Our Gocce di Natura ORTICE oil is part of the Slow Food Presidium: Slow Food has created a national Presidium that promotes the environmental, landscape, health and economic value of Italian extra-virgin olive oil
Italian olive growing–the immense heritage of olive trees, farmers and olive-pressers that
populate the peninsula right down to the southernmost islands–is experiencing a moment of
extreme difficulty. The crisis is linked to the process of industrialization of olive cultivation, with
the creation of new mechanized plants and increasingly technological processes, which have
made oils of quality no longer competitive. The age of olive trees–hundreds or even thousands
of years old, spread across the peninsula–further contribute to making the production of Italian
extra-virgin olive oil even more demanding and costly. Thus, the market, oriented toward the
lowest price, increasingly rewards low quality oils. For this reason Slow Food has created a
national Presidium that promotes the environmental, landscape, health and economic value of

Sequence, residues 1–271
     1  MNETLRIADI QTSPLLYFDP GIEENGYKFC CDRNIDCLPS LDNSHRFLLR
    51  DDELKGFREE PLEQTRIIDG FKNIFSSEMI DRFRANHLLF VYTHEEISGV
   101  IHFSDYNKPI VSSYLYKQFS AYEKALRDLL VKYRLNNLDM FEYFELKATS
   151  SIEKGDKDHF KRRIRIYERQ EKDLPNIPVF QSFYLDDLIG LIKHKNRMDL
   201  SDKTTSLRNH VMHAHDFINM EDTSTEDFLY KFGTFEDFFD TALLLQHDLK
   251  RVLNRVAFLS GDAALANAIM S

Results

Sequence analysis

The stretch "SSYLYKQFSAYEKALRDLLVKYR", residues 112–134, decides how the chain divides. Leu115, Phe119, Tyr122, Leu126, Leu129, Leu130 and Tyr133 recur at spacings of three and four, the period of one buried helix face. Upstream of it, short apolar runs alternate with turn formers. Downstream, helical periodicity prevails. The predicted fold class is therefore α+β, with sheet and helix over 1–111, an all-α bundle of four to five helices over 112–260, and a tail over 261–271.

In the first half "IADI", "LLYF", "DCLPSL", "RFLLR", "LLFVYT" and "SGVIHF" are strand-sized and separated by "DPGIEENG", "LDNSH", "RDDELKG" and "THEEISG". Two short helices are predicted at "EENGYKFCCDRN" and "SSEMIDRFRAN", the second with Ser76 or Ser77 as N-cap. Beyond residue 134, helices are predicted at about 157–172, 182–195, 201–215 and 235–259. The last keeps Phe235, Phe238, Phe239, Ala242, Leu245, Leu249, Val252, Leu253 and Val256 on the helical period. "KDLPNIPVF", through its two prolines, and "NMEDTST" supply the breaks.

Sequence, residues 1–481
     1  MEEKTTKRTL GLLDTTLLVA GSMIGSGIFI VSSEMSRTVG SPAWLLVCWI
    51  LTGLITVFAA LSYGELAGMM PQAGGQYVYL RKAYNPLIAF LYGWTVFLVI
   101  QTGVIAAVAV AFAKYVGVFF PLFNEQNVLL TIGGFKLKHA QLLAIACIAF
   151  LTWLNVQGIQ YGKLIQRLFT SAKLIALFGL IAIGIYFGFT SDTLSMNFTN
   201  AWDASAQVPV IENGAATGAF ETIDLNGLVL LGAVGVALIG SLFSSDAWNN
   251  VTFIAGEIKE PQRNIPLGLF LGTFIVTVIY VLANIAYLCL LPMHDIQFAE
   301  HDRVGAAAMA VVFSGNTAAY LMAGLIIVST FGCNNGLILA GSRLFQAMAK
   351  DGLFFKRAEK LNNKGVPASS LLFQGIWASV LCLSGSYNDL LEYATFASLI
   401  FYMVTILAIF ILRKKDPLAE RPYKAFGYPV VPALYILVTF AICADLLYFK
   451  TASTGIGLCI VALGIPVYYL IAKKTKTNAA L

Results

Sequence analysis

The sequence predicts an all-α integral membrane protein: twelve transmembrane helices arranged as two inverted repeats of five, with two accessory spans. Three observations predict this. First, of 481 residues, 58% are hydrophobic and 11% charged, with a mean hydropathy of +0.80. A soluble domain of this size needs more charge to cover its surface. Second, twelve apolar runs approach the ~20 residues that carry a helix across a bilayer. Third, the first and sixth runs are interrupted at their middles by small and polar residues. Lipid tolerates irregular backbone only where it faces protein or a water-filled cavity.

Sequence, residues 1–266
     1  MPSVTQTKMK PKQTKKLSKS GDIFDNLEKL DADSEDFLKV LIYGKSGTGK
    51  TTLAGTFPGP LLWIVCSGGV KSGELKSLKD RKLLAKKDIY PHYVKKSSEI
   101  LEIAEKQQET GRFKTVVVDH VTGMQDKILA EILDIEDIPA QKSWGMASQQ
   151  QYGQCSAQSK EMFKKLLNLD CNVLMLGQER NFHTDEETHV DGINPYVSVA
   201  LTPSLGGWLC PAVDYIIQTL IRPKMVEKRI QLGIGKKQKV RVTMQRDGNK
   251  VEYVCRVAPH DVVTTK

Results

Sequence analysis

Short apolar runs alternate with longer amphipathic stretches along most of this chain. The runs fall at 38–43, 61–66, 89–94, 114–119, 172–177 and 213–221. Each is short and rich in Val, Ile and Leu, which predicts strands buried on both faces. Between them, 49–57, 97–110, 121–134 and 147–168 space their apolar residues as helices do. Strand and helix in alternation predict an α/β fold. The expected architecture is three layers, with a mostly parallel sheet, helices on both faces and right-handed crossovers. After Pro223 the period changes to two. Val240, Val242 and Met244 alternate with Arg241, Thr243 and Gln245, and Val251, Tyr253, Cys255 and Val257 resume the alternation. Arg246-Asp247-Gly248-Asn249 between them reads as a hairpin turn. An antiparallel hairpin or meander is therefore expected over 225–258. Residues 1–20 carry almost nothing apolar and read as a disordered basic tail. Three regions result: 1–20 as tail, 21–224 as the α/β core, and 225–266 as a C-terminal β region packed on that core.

Italian extra-virgin olive oil. It is a national project because producers of extra-virgin all over
Italy, in different areas of production, face the same critical situation.
The olive growers who join the national Presidium for Italian extra-virgin olive oil must have olive groves with cultivars that are indigenous to the area and managed without the use of synthetic fertilizers or herbicides. In the case of treatment, only products with low environmental impact and that guarantee no residual in the final product are allowed. In the case of slopes or difficult terrain, the work in the fields must follow good agronomic practices to avoid erosion and landslides. Furthermore, since pruning and harvesting the olives from centuries-old plants is more burdensome compared to younger plants, to avoid the abandonment of the oldest olive plants, joining the Presidium requires that at least 80% of the plants are at least 100 years old. Finally, producers must use a narrative label to sufficiently recount and promote their stories, territory and work.